Stacy Lewis is now in the middle of reading Shane Ryan’s book, “The Cup They Couldn’t Lose: America, the Ryder Cup and the Long Road to Whistling Straits,” a second time. After she was named Solheim Cup captain, the former No. 1 found Ryan’s book to be a good place to begin her research. Now, she’s re-reading it and taking notes.
While the situation for Lewis’ team doesn’t feel as urgent as it did for Steve Stricker’s U.S. squad last year, the Americans have lost the last two Solheim Cups.
Lewis, at 37 the youngest U.S. captain in Solheim Cup in history, isn’t afraid to shake things up. And after reading about the stats systems both Ryder Cup teams (and Presidents Cup teams) have relied upon in recent years, Lewis was on a mission to get something similar for her team.
“In the past, we’ve made pairings based on being friends or who gets along,” said Lewis, “there’s really been no rhyme or reason. Juli did the personality test and things like that because we’ve never had stats to put to it.”
Ally Ewing of Team USA and Nelly Korda of Team USA react on the 16th green during the Foursomes Match on day one of the Solheim Cup at the Inverness Club on September 04, 2021, in Toledo, Ohio. (Photo by Gregory Shamus/Getty Images)
Lewis met with the stats groups that work with the U.S. men (Scouts Consulting Group) and Europe (Twenty First Group). She knew she’d have to find a creative way to fund the program outside of the Solheim Cup budget. That’s when KPMG stepped up to help, creating an extension to the already existing KPMG Performance Insights with the continued help of the Twenty First Group.
By the time the Solheim Cup is staged in Spain for the first time on September 22-24, there will be two years worth of data to analyze.
“It’s going to help project who’s going to make the team and then from that,” said Lewis, “making your picks based on pairings and who will pair well together.”
The data will be specific to the golf course as well, looking at details like what kinds of shots will be hit from the tees and how many of the par 5s are reachable.
“KPMG Performance Insights has been a game changer in terms of helping LPGA players maximize their performance,” said Shawn Quill, KPMG National Sports Industry Leader, “informing the way they practice and play, while also enhancing storytelling, broadcast media coverage and more.”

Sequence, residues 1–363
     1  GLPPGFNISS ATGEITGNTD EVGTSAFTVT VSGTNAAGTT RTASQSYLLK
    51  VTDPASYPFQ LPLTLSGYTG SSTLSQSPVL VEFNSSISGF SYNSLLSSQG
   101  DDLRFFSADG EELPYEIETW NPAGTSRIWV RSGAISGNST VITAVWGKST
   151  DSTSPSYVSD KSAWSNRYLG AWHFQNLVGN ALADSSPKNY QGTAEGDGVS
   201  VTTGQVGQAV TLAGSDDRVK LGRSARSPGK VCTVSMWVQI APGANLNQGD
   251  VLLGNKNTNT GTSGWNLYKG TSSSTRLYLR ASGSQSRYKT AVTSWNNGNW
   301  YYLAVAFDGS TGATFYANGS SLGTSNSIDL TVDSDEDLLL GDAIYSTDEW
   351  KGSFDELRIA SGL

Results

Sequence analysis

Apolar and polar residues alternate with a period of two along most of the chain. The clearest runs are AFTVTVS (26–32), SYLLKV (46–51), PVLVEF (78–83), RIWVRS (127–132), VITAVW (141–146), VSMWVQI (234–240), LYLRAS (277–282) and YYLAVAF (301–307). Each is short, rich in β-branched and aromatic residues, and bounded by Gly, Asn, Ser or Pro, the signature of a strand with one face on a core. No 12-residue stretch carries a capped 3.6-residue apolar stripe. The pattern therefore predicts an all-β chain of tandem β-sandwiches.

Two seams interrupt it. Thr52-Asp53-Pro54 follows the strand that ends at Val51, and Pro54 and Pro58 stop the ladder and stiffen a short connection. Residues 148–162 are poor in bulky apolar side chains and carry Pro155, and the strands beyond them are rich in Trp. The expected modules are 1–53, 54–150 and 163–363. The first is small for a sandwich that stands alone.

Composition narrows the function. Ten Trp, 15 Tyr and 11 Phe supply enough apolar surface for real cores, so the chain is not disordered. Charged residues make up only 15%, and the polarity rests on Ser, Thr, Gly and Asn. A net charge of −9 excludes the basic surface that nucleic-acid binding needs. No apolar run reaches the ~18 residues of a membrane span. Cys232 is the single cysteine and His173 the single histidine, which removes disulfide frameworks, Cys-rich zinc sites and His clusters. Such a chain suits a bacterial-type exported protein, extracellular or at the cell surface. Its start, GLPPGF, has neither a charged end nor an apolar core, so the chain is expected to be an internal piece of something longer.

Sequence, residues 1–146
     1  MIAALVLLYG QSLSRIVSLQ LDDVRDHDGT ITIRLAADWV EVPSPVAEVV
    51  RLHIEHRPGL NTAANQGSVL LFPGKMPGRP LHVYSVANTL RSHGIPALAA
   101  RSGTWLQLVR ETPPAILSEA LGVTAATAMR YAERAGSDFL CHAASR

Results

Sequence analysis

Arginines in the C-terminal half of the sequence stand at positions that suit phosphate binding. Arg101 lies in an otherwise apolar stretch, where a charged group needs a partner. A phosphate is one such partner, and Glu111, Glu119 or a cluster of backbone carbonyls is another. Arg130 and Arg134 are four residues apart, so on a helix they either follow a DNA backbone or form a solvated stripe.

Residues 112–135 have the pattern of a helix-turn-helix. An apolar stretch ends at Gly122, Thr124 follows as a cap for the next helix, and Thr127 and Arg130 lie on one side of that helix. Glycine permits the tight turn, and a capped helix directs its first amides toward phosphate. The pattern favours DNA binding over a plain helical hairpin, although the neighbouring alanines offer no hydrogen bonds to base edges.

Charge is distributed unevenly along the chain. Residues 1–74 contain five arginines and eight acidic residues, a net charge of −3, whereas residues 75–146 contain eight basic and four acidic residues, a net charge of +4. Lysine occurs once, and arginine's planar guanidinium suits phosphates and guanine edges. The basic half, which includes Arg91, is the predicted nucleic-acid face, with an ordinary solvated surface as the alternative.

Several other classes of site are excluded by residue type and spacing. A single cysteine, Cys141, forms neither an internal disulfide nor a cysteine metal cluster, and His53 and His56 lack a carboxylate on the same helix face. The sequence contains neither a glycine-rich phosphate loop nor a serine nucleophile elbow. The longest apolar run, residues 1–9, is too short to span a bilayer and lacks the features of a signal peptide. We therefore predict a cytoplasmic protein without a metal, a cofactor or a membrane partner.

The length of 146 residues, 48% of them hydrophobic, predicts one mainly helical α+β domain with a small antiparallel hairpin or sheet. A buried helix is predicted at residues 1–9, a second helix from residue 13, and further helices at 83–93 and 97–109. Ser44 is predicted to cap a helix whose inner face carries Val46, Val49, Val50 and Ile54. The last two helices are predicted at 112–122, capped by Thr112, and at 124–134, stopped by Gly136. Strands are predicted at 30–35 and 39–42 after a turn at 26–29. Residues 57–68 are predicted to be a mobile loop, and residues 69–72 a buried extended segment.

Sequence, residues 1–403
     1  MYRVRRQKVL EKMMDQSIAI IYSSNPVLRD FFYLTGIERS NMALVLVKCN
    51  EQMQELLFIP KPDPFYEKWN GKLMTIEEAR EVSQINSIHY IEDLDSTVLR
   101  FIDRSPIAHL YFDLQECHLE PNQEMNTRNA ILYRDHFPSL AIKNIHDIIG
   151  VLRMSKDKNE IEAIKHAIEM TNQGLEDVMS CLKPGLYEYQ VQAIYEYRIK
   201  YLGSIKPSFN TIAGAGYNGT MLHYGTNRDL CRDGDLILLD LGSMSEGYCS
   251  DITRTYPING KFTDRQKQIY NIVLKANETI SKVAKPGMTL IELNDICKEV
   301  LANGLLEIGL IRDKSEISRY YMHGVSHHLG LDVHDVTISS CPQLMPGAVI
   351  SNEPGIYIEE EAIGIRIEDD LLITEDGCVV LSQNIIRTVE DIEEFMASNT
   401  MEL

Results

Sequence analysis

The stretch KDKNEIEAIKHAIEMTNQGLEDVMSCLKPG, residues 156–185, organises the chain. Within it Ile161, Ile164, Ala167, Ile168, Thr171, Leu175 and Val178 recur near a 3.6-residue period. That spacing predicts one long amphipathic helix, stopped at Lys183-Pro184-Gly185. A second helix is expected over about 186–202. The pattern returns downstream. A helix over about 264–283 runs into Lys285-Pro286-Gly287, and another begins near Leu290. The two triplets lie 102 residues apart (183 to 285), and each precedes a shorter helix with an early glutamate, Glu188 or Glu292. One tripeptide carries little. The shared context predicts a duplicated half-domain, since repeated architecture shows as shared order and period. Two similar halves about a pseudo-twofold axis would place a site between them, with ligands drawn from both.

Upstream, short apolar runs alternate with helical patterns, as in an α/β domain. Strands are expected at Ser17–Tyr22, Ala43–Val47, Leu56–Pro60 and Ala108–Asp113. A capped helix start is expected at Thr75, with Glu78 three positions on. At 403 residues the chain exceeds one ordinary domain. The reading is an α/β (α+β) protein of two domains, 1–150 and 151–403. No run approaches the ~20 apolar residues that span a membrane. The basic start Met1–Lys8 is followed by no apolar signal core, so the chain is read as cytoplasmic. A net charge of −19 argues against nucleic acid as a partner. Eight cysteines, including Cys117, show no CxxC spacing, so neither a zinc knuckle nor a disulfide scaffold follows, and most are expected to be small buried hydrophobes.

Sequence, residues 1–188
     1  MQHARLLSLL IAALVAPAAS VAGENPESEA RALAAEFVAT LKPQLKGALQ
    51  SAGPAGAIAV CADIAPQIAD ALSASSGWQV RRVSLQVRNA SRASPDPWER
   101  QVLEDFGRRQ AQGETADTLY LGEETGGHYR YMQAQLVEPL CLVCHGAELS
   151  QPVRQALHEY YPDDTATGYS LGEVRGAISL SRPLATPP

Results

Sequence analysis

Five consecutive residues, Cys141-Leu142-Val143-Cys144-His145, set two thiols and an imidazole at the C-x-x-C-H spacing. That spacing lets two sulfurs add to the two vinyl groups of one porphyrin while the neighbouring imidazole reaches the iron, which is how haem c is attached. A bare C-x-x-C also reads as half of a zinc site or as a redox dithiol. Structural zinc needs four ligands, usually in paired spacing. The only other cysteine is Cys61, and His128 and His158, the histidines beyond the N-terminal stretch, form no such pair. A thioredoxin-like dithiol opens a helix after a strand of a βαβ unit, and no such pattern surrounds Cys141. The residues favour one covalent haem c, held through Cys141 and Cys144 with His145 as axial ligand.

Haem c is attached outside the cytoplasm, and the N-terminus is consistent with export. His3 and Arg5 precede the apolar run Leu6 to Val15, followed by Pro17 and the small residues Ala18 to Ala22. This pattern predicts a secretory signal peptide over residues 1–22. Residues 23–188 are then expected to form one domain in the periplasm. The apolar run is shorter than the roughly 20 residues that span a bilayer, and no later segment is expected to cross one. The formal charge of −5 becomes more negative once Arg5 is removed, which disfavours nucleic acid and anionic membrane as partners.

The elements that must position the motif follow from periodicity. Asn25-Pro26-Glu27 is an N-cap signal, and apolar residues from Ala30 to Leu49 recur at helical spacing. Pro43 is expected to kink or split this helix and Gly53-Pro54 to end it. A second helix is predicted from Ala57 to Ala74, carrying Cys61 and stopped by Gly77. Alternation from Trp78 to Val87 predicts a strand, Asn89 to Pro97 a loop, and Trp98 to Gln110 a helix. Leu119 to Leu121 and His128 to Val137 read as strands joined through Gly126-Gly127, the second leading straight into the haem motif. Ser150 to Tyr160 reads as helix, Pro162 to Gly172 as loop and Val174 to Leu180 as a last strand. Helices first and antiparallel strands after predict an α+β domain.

Now, Lewis believes those insights will be a game changer for the Solheim Cup, too.
At the 2017 MIT Sloan Sports Analytics Conference, PGA of America Chief Commercial Officer Jeff Price was asked how analytics became part of U.S. Ryder Cup preparations. Price said the PGA of America recognized coming out of a loss at Gleneagles, where Europe won for a third consecutive time, that a program was needed.
“We had to make sure that from Ryder Cup to Ryder Cup, the PGA of America was going to provide the Ryder Cup captains, and really the Ryder Cup family, with every opportunity to succeed and every bit of resources that they needed,” said Price. “And clearly as players on the team were using analytics and the competition was using analytics, we needed to be in a position that we could provide our captains and vice captains with the information that would help them make better picks … and then overall how were pairings from four-balls to foursomes going to work. How would the team really gel together?”
This week at the Presidents Cup in Charlotte, International captain Trevor Immelman was asked at a pre-tournament press conference to talk about some of the specifics they’ve looked into from an analytics standpoint to gain any kind of edge as the underdogs.
“You actually think I’m going to answer that question?” Immelman replied.
Every little advantage helps.
Early on, Lewis texted Stricker to let him know that she’d like to chat. At that point, Lewis wasn’t sure what she’d want to ask. Now that she’s further along in the process, however, she’s eager to catch up with him this fall.
Notebook in hand.